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Financiers Overlook Risk in Tar Sands/Oil Sands Pipelines: Report

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Scores of big Canadian and international banks are underestimating the risk they face in financing pipeline projects intended to serve anticipated production increases from the Alberta-Saskatchewan tar sands/oil sands region, Greenpeace and Oil Change International warn in a new report.

The organizations address their findings to “banks, their institutional shareholders, and those financial institutions considering financing” any of three major proposed pipelines still under consideration for Canada: Kinder Morgan’s Trans Mountain [1] expansion, TransCanada Corporation’s Keystone XL [2], and Enbridge [3]’s “incremental expansions” to its existing Mainline system.

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The report, titled In the Pipeline, names the banks its authors have in mind. They start with Kinder Morgan’s lead lenders—Royal Bank of Canada, Canadian Imperial Bank of Commerce, Scotiabank, and Toronto-Dominion Bank—but include many of the top names in international finance, such as Deutsche Bank, Barclays, JPMorgan Chase, Wells Fargo, and Bank of China.

They and others “risk opposition from Indigenous communities, pressure from civil society groups, and scrutiny from investors as a result of their actual or potential involvement in climate-damaging and controversial tar sands pipeline projects in Canada and the U.S.,” the report asserts.

The authors detail the financial ramifications of several categories of risk, including legal challenges and civil resistance based on unsettled Indigenous claims, liability for spill costs, and the incompatibility of anticipated expanded tar sands/oil sands output with policies aimed at restabilizing the climate.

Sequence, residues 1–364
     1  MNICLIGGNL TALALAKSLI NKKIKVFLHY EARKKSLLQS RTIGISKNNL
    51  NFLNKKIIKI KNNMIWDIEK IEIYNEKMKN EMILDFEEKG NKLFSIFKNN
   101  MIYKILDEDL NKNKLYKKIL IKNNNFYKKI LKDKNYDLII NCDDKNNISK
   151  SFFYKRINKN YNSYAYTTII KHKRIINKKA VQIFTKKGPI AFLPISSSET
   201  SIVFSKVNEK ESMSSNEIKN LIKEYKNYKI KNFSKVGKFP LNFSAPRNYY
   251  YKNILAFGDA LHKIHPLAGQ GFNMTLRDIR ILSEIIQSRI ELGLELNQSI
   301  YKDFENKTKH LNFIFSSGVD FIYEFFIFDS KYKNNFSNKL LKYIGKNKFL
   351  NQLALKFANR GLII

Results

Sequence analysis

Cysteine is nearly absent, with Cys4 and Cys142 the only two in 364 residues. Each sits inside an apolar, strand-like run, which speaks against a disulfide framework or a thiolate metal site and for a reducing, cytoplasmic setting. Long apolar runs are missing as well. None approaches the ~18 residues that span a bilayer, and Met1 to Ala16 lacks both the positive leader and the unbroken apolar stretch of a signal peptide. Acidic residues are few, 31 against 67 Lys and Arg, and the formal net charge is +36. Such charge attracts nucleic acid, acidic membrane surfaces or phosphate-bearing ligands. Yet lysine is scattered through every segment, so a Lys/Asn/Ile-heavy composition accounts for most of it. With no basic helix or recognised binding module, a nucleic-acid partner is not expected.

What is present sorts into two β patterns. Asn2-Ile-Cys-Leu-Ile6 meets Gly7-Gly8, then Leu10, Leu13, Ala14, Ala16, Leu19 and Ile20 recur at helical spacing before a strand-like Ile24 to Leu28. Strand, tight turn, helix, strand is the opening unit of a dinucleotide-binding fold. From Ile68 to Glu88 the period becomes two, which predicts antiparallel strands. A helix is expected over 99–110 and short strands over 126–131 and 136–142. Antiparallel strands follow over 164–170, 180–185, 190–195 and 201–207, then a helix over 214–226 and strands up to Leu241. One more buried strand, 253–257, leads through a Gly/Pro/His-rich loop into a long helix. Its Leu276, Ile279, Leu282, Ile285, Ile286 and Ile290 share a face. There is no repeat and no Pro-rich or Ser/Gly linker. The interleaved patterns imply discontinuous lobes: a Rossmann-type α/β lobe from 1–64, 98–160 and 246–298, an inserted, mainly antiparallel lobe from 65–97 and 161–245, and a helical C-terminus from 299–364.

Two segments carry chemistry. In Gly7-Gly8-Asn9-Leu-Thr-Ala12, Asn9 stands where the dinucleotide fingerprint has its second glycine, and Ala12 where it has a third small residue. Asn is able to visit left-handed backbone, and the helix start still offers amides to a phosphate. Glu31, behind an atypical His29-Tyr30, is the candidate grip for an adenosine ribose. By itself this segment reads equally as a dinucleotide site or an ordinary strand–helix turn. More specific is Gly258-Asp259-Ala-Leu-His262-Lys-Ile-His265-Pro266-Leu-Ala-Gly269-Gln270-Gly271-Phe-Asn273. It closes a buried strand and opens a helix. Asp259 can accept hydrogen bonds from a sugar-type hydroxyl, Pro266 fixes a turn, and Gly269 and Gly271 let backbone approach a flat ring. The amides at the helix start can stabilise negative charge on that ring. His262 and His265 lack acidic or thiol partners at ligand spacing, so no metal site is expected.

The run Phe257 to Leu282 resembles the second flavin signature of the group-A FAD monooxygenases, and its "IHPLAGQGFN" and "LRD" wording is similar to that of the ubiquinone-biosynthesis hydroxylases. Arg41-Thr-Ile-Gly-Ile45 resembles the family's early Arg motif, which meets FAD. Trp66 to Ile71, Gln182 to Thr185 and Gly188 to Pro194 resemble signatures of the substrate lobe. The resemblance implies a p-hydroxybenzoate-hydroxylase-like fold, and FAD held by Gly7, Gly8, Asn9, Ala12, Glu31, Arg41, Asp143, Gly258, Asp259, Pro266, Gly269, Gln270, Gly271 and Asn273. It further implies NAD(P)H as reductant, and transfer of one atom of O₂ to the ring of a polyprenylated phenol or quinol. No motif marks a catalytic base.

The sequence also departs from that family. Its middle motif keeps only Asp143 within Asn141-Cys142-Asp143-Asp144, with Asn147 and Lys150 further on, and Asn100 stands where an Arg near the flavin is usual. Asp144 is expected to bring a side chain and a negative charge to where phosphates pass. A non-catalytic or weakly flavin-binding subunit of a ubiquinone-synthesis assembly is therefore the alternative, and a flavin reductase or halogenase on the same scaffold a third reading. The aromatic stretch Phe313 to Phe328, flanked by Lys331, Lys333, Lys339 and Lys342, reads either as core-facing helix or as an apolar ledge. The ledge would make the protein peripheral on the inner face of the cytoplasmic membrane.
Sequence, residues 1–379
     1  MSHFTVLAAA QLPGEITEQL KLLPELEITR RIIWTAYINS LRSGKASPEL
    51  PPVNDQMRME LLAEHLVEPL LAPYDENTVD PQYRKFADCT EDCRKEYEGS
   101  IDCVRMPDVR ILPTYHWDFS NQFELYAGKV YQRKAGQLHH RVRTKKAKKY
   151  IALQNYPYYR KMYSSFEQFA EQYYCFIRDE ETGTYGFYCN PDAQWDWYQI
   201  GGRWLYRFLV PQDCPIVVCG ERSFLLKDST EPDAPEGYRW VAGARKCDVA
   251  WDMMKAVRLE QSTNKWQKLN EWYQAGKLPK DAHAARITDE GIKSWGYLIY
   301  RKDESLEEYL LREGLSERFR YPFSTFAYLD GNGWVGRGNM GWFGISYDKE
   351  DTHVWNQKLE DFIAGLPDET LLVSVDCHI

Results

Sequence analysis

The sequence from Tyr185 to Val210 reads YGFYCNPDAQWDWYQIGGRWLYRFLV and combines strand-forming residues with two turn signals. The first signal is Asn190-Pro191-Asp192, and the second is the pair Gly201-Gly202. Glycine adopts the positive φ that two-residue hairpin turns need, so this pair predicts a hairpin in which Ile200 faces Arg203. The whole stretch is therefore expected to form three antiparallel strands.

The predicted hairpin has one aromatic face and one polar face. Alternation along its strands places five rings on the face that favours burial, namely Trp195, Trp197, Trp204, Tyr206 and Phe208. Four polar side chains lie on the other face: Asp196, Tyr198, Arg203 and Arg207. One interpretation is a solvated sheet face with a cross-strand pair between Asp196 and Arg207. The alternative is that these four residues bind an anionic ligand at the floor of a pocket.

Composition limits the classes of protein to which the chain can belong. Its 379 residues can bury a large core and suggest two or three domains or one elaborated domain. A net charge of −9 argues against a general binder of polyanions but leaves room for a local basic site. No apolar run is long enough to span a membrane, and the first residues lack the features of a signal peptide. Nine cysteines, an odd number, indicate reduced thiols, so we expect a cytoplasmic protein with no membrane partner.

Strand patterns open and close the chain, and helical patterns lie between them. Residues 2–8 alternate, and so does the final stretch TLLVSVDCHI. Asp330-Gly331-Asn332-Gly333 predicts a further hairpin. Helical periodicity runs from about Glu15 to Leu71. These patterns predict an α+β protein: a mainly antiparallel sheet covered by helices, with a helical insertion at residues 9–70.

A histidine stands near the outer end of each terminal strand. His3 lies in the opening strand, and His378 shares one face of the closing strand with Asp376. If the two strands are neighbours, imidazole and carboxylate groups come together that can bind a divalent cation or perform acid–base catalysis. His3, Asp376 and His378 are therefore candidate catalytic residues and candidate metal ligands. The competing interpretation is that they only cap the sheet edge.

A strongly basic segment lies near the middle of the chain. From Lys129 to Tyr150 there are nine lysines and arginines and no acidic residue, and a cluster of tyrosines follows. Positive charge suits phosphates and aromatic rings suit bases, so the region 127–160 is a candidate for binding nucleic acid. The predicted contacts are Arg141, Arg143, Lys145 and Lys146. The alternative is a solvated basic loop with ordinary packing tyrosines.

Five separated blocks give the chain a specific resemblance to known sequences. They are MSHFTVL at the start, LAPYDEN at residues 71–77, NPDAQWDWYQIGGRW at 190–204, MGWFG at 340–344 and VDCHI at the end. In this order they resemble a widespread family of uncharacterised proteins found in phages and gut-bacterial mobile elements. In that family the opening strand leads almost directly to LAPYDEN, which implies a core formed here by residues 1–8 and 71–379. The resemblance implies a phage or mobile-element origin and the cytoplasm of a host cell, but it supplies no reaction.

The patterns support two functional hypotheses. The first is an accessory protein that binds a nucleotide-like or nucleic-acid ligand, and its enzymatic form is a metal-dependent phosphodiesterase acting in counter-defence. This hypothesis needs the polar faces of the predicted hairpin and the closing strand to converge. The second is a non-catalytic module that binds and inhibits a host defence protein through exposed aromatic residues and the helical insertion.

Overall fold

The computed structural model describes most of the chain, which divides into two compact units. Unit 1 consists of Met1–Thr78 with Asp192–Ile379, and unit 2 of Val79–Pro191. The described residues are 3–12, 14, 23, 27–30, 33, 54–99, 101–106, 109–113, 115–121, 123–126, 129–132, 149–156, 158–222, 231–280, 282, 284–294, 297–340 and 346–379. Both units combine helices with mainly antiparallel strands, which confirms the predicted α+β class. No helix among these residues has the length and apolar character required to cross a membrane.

“These projects carry many of the same potential risks for banks and investors as arose with the Dakota Access Pipeline [5] (DAPL),” the report advises financiers. “The willingness of many banks to arrange or provide financing for tar sands pipelines suggests they have failed to learn from DAPL and appear to be relying on outdated or inadequate risk assessment.”

The authors urge lenders and equity financiers to “sell their existing stake in or confirm that they will not participate [in] or arrange the renewal of any of the existing credit facilities provided to Kinder Morgan, TransCanada, and Enbridge” or their subsidiaries, if they “may be used, directly or indirectly, to finance the construction, expansion, and/or operation of tar sands pipelines.”

The two big international NGOs aren’t the only groups to warn financiers of unaccounted-for risk in backing tar sands/oil sands infrastructure. Earlier last month, Secwepemc pipeline resistance activist Kanahus Manuel traveled to Europe to warn banks financing the Trans Mountain pipeline expansion that its American owners had misled them about the risks of trying to force the line across unceded Indigenous territory.

At the time, however, that effort was blunted [6] by Kinder Morgan’s announcement that it planned to finance further work to expand the line from internal cash flow.

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1 Comment To "Financiers Overlook Risk in Tar Sands/Oil Sands Pipelines: Report"

#1 Comment By Richard Prest On November 7, 2017 @ 6:53 PM

This issue was talked about in the House this week about the subsidies and guaranteed loans that foreign investors are getting from Canadian banks. They use very little of their own moneys and borrow large sums from lending institutions that would leave stakeholders and tax payers on the hook for cleanups and environmental damages. So they are not investors who use their own money, they are leveraging projects probable value to build their company’s profits, and as mining company’s have done with their closed operations, they just leave them, pay a small fine or declare bankruptcy and change the name on their doors.